UK solicitor explains the types of industrial disease compensation claims you might have if you worked in deep coal mines in collieries based in Scotland and England – including noise induced hearing loss, vibration white finger and coal miners pneumoconiosis
Deep coal miner question
I worked in a deep coal mine in a colliery in Ayrshire for approximately 15 years between mid 1970 to late 1980’s. My main job was working with a haulage machine and a hydraulic digger.
The haulage machine worked continuously moving men, equipment and coal through the pit. This machine was extremely noisy and the operating system caused a great amount of vibration.
The hydraulic digger was also extremely noisy and caused a large amount of vibration.
For the full 15 years in addition to excessive noise and vibration I was exposed to coal dust which I breathed in to my lungs day in day out. When I finished work I was covered from head to toe in black coal dust.
Before I left work at the deep mine in Ayrshire I noticed that the tips of my fingers in my hands caused me pain and I had a tingling sensation. In the cold they would turn white.
Over the least couple of years I have noticed that my hearing is appalling – I went to see my doctor and had my ears tested and I was told that I was suffering from 60% hearing loss which was due to noise exposure.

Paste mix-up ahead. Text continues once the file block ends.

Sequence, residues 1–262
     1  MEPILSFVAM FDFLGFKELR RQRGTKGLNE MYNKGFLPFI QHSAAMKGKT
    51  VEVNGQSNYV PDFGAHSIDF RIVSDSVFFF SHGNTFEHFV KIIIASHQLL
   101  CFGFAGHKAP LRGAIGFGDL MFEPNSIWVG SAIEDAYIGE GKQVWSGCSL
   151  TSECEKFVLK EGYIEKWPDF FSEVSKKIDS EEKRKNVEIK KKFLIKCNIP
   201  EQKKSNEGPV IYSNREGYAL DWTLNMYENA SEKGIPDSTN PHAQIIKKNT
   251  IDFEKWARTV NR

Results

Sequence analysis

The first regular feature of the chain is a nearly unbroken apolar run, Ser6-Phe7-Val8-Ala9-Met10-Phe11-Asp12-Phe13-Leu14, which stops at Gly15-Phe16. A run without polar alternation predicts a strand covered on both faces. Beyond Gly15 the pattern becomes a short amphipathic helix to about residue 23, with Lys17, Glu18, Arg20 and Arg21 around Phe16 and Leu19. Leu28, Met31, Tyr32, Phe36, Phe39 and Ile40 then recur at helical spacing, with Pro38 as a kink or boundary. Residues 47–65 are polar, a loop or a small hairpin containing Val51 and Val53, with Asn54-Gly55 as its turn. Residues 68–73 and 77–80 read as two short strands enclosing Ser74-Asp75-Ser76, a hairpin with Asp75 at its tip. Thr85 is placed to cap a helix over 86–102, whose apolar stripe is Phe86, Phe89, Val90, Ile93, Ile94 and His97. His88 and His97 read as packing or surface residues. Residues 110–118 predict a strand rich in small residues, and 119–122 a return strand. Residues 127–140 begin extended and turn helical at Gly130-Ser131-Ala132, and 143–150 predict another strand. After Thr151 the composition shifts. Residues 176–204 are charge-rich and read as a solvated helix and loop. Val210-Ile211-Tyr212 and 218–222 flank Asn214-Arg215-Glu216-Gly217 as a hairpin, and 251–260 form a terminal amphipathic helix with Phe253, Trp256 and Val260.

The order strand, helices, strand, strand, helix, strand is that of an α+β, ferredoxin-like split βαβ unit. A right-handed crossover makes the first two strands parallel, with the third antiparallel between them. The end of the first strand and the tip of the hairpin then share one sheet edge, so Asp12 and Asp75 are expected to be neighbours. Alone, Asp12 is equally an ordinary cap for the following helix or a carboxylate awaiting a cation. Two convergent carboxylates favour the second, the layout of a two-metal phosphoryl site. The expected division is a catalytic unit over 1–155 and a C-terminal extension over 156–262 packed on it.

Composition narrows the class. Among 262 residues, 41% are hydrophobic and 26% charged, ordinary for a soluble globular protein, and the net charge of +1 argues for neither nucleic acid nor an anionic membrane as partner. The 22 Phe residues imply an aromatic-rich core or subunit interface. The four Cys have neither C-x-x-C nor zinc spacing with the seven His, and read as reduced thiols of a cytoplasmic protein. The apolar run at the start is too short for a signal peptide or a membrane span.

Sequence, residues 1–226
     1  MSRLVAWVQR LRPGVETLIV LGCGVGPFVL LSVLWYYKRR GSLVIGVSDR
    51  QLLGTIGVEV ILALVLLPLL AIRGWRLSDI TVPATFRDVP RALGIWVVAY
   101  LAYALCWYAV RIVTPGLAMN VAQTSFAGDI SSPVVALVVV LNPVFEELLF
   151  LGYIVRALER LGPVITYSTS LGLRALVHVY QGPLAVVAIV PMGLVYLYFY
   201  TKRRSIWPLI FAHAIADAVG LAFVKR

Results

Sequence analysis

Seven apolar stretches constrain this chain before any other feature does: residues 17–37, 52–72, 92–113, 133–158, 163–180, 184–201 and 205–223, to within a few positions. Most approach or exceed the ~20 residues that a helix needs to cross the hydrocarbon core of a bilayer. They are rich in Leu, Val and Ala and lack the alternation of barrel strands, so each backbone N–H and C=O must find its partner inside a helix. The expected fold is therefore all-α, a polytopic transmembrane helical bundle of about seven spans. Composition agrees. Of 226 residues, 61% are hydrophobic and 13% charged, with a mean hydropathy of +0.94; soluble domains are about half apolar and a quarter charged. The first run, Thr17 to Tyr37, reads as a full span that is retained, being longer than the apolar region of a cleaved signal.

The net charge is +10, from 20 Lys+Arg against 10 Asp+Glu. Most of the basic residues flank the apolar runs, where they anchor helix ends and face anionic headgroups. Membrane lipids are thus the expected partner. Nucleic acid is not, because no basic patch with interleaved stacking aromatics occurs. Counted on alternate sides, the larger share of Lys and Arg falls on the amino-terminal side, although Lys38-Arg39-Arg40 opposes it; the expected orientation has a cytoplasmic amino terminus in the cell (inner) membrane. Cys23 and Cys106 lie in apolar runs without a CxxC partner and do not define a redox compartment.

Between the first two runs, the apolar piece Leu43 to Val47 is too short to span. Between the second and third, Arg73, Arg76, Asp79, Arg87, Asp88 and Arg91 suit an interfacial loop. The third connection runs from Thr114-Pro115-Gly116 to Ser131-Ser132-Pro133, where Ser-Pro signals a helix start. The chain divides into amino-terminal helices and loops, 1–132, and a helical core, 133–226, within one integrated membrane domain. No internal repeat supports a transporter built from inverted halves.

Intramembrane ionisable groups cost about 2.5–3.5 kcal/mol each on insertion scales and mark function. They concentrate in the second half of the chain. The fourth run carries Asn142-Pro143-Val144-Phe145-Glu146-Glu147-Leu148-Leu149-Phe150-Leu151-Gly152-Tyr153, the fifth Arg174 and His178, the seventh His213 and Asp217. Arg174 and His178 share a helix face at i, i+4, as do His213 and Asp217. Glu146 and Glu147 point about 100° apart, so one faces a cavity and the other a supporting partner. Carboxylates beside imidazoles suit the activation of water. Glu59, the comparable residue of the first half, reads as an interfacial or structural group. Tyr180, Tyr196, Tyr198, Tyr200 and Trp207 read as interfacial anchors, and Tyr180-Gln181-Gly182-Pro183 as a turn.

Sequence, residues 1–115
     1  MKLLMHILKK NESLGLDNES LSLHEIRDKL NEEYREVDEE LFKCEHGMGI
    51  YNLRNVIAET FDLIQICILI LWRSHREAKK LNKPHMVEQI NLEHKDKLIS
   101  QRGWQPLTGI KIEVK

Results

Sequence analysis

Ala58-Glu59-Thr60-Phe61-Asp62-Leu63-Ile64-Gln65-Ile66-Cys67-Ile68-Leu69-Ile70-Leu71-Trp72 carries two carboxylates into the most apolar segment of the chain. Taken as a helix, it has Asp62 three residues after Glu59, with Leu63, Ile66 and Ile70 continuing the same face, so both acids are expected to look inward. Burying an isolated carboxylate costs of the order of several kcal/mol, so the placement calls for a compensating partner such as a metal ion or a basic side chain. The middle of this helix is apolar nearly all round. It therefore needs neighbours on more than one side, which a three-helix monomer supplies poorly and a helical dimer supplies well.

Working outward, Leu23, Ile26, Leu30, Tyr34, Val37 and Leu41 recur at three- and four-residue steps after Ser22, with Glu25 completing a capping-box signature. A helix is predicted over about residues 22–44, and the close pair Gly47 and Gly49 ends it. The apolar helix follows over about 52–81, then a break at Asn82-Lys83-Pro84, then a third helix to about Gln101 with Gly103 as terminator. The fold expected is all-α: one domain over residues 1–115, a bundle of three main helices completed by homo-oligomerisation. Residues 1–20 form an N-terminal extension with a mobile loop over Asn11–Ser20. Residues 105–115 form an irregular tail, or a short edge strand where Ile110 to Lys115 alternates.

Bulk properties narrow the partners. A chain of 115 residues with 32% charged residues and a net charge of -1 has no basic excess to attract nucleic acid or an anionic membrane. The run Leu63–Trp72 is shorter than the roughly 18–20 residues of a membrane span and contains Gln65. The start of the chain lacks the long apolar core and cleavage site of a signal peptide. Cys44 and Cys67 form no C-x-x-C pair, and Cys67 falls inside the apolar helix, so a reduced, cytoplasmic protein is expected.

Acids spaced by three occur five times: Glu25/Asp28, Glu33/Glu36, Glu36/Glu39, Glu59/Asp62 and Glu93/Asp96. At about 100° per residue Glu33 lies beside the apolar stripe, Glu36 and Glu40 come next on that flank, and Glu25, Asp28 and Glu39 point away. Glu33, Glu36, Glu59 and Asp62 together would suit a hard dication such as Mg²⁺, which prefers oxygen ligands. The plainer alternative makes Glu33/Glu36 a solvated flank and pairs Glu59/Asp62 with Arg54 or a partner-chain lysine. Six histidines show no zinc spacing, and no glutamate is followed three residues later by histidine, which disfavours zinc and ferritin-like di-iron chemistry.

In the last couple of weeks I was referred by my GP to a specialist at the hospital about my shortness of breath – scans were performed and I was told that I am suffering from coal miners’ pneumoconiosis or black lung.
It is many years since I worked at the Ayrshire colliery, but I believe my illnesses were caused from my work in the mines with the National Coal Board as no hearing or breathing protection was ever provided.
Is it too late to claim as the Coal Board no longer exists?
Industrial disease solicitor response
Ayrshire clearly is based in Scotland and as such is subject to Scottish law, but for the purpose of assessing whether you have a claim the law across the UK is similar for the conditions you have suffered.
It seems that your conditions were brought on by the conditions at work – protection should have been provided from vibration, coal dust and from excessive noise from the haulage machine and the hydraulic digger. As no protection was provided and the knowledge of your injuries is within the last three years it would seem you are still in time to make a claim.
The fact that the NCB is no longer in existence does not matter so long as your claim can be proved.
You must now act quickly and speak to a specialist miners injury compensation solicitor to commence claiming compensation for industrial deafness, VWF and black lung disease as the court process can take sometime.